API Condemns New Recommended Restrictions on Offshore Energy Production
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WASHINGTON, August 21, 2023 – The American Petroleum Institute (API) today released the following statement from Vice President of Upstream Policy Holly Hopkins in response to the Bureau of Ocean Energy Management's (BOEM) Notice to Lessees outlining recommended restrictions on oil and natural gas vessels operating in the Gulf of Mexico:
“Today’s notice from the Bureau of Ocean Energy Management is yet another example of the Biden administration working to restrict American energy, which could lead to higher energy costs and weaken U.S. security. The recommended actions are not justified by existing data nor operational experience, would impose significant burdens on the men and women currently working in the region, and unfairly single out oil and gas traffic in an area that is one of the most used maritime areas in U.S. waters.”
Background on Gulf of Mexico Production and the NTL:
- The Gulf of Mexico produces some of the lowest carbon intensity barrels in the world. Constrained production in this basin could be replaced by higher carbon intensity barrels from elsewhere in the world.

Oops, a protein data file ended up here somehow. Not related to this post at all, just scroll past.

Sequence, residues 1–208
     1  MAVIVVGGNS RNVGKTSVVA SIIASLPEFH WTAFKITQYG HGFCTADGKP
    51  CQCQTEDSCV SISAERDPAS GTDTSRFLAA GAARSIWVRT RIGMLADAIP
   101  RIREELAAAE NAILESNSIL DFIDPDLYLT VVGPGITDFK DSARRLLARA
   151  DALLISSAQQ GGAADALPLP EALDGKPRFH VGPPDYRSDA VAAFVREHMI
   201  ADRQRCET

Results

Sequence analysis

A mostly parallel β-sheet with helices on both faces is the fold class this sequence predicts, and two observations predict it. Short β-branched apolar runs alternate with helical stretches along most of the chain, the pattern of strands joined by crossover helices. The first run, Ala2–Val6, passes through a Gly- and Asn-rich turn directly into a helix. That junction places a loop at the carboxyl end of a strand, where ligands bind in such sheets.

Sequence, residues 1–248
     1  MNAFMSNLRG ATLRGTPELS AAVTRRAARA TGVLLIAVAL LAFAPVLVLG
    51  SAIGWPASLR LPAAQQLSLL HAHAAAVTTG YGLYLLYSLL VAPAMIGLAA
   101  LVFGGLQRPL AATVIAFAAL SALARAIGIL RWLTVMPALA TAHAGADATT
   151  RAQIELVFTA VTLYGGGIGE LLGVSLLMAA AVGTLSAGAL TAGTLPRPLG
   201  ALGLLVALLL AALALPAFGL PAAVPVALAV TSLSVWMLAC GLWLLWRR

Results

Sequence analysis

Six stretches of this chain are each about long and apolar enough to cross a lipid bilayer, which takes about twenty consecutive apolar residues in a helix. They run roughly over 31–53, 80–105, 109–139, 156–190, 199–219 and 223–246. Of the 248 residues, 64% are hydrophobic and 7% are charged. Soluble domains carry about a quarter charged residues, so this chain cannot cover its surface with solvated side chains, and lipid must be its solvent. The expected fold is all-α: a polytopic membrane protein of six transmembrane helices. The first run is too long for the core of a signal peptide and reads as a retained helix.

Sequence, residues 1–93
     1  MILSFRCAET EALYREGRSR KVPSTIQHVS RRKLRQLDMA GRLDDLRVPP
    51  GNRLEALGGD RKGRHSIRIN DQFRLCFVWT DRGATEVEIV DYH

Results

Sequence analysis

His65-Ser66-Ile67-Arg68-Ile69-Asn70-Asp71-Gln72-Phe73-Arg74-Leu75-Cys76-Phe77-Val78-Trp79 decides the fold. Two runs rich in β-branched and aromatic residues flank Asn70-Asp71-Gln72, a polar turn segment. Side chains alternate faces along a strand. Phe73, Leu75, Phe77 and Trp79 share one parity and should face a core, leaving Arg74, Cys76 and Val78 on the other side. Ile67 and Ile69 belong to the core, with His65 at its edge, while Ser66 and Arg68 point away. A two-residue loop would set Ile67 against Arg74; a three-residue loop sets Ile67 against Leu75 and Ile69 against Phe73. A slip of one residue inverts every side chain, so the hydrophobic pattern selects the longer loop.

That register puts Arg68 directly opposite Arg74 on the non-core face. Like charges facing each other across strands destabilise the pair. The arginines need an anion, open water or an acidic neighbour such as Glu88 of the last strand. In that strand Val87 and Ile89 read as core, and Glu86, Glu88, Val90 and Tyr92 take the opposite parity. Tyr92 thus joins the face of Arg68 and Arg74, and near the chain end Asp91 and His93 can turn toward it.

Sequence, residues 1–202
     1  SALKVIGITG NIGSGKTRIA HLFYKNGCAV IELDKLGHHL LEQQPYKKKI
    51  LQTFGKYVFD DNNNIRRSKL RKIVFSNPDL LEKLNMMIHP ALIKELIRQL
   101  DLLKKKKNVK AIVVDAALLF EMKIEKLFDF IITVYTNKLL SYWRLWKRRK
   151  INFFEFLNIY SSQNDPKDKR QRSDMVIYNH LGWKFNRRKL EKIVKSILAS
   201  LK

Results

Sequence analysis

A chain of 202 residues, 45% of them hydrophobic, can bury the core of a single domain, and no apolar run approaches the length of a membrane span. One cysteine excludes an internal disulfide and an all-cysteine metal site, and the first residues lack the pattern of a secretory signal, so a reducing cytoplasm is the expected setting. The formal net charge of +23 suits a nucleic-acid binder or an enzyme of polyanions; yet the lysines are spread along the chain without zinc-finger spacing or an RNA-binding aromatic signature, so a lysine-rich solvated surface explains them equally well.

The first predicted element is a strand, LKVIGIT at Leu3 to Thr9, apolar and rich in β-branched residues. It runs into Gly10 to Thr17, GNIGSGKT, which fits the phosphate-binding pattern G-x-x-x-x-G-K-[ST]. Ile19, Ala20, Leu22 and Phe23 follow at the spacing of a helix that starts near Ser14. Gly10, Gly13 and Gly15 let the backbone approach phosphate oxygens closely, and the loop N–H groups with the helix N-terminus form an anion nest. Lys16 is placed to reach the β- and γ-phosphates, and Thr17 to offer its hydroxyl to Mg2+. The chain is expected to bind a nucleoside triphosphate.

- According to the U.S. EIA, Gulf of Mexico federal offshore oil production accounts for 15% of total U.S. crude oil production and federal offshore natural gas production in the Gulf accounts for 5% of total U.S. dry production.
- Over 47% of total U.S. petroleum refining capacity is located along the Gulf coast, as well as 51% of total U.S. natural gas processing plant capacity.
- The agreement’s proposed operating “recommendations” would impose significant burdens on operators and increase emissions from vessels forced to operate at suboptimal speeds or idle outside the restriction areas.
- Adopting the nighttime and low visibility restrictions could cut transit windows to approximately 50%– requiring industry to balance the government’s recommended practices against safely and efficiently servicing ongoing operations.
- These restrictions would unfairly single out oil and gas traffic in an area that is one of the most used maritime areas in U.S. waters by a variety of industries. Thousands of vessels pass through this area every day.
API represents all segments of America’s natural gas and oil industry, which supports nearly 11 million U.S. jobs and is backed by a growing grassroots movement of millions of Americans. Our approximately 600 members produce, process and distribute the majority of the nation’s energy, and participate in API Energy Excellence®, which is accelerating environmental and safety progress by fostering new technologies and transparent reporting. API was formed in 1919 as a standards-setting organization and has developed more than 800 standards to enhance operational and environmental safety, efficiency and sustainability.